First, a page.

x #ccc solid;padding-left:1ex"> On Sunday, 27 October 2013 at 10:45:31 UTC, Andrei Alexandrescu wrote:<br> <blockquote class=3D"gmail_quote" style=3D"margin:0 0 0 .8ex;border-left:1p= x #ccc solid;padding-left:1ex"> On 10/26/13 8:00 AM, Andrei Alexandrescu wrote:<br> <blockquote class=3D"gmail_quote" style=3D"margin:0 0 0 .8ex;border-left:1p= x #ccc solid;padding-left:1ex"> AlignedMallocator that uses the _aligned_* family on Windows and the<br> respective functions on Posix. On Windows, allocate() requests would<br> pass a default of platformSize (i.e. 16 I suspect) to _aligned_malloc.<br> </blockquote> <br> Just implemented AlignedMallocator and pushed.<br> <br> <a href=3D"http://erdani.com/d/phobos-prerelease/std_allocator.html#.Aligne= dMallocator" target=3D"_blank">http://erdani.com/d/phobos-<u></u>prerelease= /std_allocator.html#<u></u>.AlignedMallocator</a><br> <br> </blockquote> The constraints on the alignment parameter are neither documented nor<br> checked.<br> <br> i.e. Alignment must be a power of two, and for posix_memalign it must<br> additionally be greater than sizeof(void*).<br> </blockquote> <br></div> Fixed, will push soon.<div class=3D"im"><br> <br> <blockquote class=3D"gmail_quote" style=3D"margin:0 0 0 .8ex;border-left:1p= x #ccc solid;padding-left:1ex"> I can only think of one use case for needing runtime specified<br> alignment: allocating operating system page sized chunks.<br> Are there any other use cases?<br> </blockquote> <br></div> Cache-line aligned.<br> <br> <a href=3D"http://stackoverflow.com/questions/794632/programmatically-get-t= he-cache-line-size/1900464" target=3D"_blank">http://stackoverflow.com/<u><= /u>questions/794632/<u></u>programmatically-get-the-<u></u>cache-line-size/= 1900464</a><br> <br> Also some I/O requires aligned buffers.<br> <br> <a href=3D"http://goo.gl/ni860U" target=3D"_blank">http://goo.gl/ni860U</a>= </blockquote><div><br></div><div>GPU&#39;s also tend to deal with strict al= ignments of various buffers.</div><div><br></div><div>SIMD requires &gt;=3D= 16byte alignment, which is higher than the default 4-8 byte alignment of m= any allocators.</div> </div></div></div> --001a11348f38d4546c04e9c3e260--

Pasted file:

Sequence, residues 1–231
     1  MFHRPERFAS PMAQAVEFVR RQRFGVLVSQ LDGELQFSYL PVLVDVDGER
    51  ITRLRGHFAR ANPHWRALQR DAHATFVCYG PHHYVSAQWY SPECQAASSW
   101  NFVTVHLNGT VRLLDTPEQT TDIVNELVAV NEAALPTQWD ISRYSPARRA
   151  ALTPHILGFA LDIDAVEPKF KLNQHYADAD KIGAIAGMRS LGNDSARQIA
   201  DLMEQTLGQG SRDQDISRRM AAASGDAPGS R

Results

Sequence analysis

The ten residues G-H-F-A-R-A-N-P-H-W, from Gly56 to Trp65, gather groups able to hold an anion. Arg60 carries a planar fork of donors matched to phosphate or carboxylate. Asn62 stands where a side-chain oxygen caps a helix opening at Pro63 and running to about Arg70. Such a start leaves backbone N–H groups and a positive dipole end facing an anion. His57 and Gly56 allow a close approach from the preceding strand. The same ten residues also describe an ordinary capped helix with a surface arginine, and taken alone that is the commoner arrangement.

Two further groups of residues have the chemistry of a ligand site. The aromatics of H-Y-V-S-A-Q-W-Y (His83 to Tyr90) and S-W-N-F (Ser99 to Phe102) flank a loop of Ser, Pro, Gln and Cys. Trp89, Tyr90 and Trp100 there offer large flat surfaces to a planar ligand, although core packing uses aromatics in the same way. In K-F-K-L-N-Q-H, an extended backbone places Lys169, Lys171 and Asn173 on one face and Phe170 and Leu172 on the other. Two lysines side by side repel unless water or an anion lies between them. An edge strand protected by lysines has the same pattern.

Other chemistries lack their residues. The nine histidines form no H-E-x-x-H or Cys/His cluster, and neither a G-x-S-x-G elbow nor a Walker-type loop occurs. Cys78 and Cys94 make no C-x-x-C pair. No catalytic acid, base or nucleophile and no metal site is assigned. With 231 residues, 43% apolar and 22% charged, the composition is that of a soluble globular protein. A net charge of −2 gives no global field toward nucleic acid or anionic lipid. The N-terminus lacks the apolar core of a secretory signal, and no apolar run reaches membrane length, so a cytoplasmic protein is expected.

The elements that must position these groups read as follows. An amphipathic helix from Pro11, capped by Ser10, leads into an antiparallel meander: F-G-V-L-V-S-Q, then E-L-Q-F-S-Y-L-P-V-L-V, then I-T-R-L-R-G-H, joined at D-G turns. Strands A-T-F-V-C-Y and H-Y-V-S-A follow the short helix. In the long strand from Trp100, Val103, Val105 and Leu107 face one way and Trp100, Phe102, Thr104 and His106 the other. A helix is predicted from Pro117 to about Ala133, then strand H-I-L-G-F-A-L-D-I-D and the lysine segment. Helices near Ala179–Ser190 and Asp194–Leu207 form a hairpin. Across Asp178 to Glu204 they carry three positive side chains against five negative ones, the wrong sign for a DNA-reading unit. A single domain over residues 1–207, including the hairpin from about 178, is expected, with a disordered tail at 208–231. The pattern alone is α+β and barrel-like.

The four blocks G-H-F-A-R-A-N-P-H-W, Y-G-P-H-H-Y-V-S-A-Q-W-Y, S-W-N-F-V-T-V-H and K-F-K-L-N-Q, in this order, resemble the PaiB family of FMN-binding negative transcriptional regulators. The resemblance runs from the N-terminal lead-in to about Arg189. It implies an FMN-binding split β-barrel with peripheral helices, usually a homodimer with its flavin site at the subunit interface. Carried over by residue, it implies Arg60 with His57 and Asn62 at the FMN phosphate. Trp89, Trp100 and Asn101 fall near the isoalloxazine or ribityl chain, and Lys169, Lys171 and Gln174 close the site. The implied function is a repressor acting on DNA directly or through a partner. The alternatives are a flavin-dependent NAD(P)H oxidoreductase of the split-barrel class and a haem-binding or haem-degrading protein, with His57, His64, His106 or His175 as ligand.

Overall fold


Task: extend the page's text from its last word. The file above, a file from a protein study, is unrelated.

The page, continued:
Oct 27 2013
prev sibling next sibling parent "safety0ff" <safety0ff.dev gmail.com> writes:
On Monday, 28 October 2013 at 02:30:53 UTC, Manu wrote:
 GPU's also tend to deal with strict alignments of various 
 buffers.

 SIMD requires >= 16byte alignment, which is higher than the 
 default 4-8
 byte alignment of many allocators.

AFAIK the alignments for those cases are known a priori, the question was regarding alignments that are only known at runtime.
Oct 27 2013
prev sibling next sibling parent Manu <turkeyman gmail.com> writes:
--001a113364605401c704e9c49c0b
Content-Type: text/plain; charset=UTF-8

On 28 October 2013 12:47, safety0ff <safety0ff.dev gmail.com> wrote: